Sounds to me like she is doing quite a lot already! I once watched an Instagram video by a dancer in our national company, where she said that the absolutely most valuable exercise for strengthening is daily 'Calf Raises'. This is literally just standing on one foot (you can hold on to something, feet in parallel but one off the floor, obvs) and slowly rising up to high demi-pointe and down again. She said she still does these daily even as a professional, and recommended doing repetitions that match your age. So your DD could do 10 per day on each foot. It's excellent strengthening and also gets kids thinking about all the different parts of the foot that need to be strengthened as well as the ankle – all good prep for pointe too!

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Posted (edited)

Yes, I'd second @Cara in NZ's suggestion of calf raises. They were introduced to the Australian Ballet by David McAllister some years ago and they replace stretching between barre & centre (latest medical advice is that dancers shouldn't stretch between barre and centre), and now the Royal Ballet does them as well. Mr McAllister has noted that since they introduced calf rises, the incidence of ankle & foot injury decreased noticeably.

 

I was taught them by a physiotherapist to help with a mild case of Achilles tendinitis - it's really important to have your alignment very clear: no turnout - legs straight over toes. And no gripping with the toes (my physio was insistent on that) - it's good to do them in socks or bare feet so you can also spread your toes out.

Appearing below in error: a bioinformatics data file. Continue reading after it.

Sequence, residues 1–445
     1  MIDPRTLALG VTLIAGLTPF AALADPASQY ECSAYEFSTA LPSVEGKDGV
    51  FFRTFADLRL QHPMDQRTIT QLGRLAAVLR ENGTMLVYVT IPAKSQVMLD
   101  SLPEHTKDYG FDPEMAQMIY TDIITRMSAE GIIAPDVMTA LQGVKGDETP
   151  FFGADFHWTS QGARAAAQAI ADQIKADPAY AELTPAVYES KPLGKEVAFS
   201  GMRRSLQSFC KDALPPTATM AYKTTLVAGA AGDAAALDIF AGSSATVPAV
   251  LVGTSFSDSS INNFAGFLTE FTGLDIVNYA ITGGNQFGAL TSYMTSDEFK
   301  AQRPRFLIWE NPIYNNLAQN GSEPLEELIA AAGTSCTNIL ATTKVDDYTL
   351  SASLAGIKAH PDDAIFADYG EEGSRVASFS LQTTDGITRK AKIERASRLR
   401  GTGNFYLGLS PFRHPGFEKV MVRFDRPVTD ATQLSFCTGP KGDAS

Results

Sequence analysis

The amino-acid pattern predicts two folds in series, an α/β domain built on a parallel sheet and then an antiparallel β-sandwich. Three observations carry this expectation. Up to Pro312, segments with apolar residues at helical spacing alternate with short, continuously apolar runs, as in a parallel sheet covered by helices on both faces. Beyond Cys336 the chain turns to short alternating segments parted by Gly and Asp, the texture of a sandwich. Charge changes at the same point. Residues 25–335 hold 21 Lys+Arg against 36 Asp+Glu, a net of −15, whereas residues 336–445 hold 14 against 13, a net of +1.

Edited by Kate_N
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When you watch Royal Ballet videos of their daily class, you notice how they all have that sort of "Oh no" grimace on their faces when it comes to the calf rises. My teacher has replaced the middle of the class free stretch time with calf rises in our advanced class - and everyone groans. Especially when people are very flexible, stretching is a lovely pleasant feeling and relaxing thing to do whereas strengthening exercises are always torture - but all the more necessary! I've added The Rises to my regular at home exercise routine. I try to make that focus on alignment feel calm and meditative - rather than desperately muttering "just another 8 to go" through gritted teeth.

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We do calf raises at the barre in one ballet class I do - 8 in first, 8 on the left leg, with the right leg cou de pied, 8 on the right and repeat. It's an absolute killer! I do this in the gym too, three times a week. It hurts less if you really pull up in the knees and squeeze your bottom. Don't lean on the barre to much either; it is much easier if you stay vertical.

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Some new Progressing Ballet Technique (PBT) tutorials are on their member site  www.pbt.dance to give youan idea of content.

 

Also,  see lovely (hypermobile) Jenna in this ad - who  is going to  RBS in Sept.